Cardiac rehabilitation programme wins BMJ award

Issued: Thu, 08 Oct 2020 09:17:00 BST

Published 8th October 2020

A home-based rehabilitation programme that could help thousands of people with heart failure to achieve a better quality of life has won a prestigious British Medical Journal (BMJ) award. The programme, which is co-led by Professor Rod Taylor from the MRC/CSO Social and Public Health Sciences Unit, won the Stroke and Cardiovascular Team category.

Rehabilitation Enablement in Chronic Heart Failure (REACH-HF) is a 12-week cardiac rehabilitation and self-management programme developed by a team co-led by Professor Rod Taylor, and Dr Hayes Dalal of the University of Exeter and Royal Cornwall Hospitals NHS Trust. The programme was co-designed by clinicians, academics, people with heart failure and their caregivers.

The REACH-HF research programme was supported with funding from the National Institute for Health Research (NIHR) and contributions from clinical and academic partners across the UK, including Glasgow, Exeter, Gwent, Birmingham, York, and Dundee.

Cardiac rehabilitation is recommended for people with heart failure. The National Heart Failure audit in 2019 showed, however, that less than one in ten participated in any programme, which is well short of new targets set as part of the NHS England Long Term Plan.

Through the REACH-HF programme, cardiac nurses visit people with heart failure (and any caregivers present) in their homes to introduce the programme, and then provide telephone support. The intervention includes discussion of self-care activities including symptom management, chair-based exercises, a walking plan and relaxation exercises. Programme participants are given an interactive booklet – designed to facilitate learning from experience by recording symptoms and self-care activities – and a support manual.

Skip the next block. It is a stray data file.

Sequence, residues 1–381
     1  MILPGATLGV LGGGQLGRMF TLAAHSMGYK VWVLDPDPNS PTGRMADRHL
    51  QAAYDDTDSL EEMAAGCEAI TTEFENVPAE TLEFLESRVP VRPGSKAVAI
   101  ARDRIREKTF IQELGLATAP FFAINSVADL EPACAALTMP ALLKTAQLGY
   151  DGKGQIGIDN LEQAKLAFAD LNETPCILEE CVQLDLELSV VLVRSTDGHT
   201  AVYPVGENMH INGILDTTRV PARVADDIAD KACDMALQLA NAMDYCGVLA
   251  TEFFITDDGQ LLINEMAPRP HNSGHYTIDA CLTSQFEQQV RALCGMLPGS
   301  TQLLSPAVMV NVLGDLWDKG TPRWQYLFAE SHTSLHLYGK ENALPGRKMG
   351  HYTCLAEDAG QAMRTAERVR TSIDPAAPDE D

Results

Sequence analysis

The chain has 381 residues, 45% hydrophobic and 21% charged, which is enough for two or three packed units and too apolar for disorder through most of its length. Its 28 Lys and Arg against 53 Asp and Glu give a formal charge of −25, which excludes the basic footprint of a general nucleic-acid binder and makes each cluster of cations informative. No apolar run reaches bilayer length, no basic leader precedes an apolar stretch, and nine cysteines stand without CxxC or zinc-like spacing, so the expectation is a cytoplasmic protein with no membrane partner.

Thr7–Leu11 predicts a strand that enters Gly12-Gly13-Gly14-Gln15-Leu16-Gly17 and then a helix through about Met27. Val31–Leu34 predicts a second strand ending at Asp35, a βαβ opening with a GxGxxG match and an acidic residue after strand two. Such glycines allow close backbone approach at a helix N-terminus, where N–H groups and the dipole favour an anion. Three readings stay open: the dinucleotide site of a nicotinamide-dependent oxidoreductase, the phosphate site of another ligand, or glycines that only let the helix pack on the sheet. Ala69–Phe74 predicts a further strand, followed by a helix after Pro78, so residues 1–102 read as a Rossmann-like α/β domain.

A randomised controlled trial showed that REACH-HF produced significant improvements in health-related quality of life. The average cost for delivering REACH-HF was £418 per patient, making it cost-effective. Following the success of the trial, the programme is currently being rolled out across four sites in Scotland, with funding from Heart Research UK. SCOT:REACH-HF is being led by Professor Taylor, Dr Carrie Purcell and Dr Tracy Ibbotson also of the University of Glasgow.

Professor Taylor says: “In spite of good evidence, sadly only 1 in 20 people with heart failure currently receive rehabilitation. REACH-HF is an evidence-based home rehabilitation programme that can help thousands of heart failure patients access rehabilitation with huge benefits to these individuals, including substantive improvements in quality of life, and reduced risk of future hospital admission and death.”

“Working with the NHS, we are seeking to embed REACH-HF as standard care for people with heart failure and their families. This is especially relevant in this time of the COVID-19 pandemic when, for the safety of patients and health of staff, patients are not always able to come to hospitals or community centres to take part in rehabilitation”


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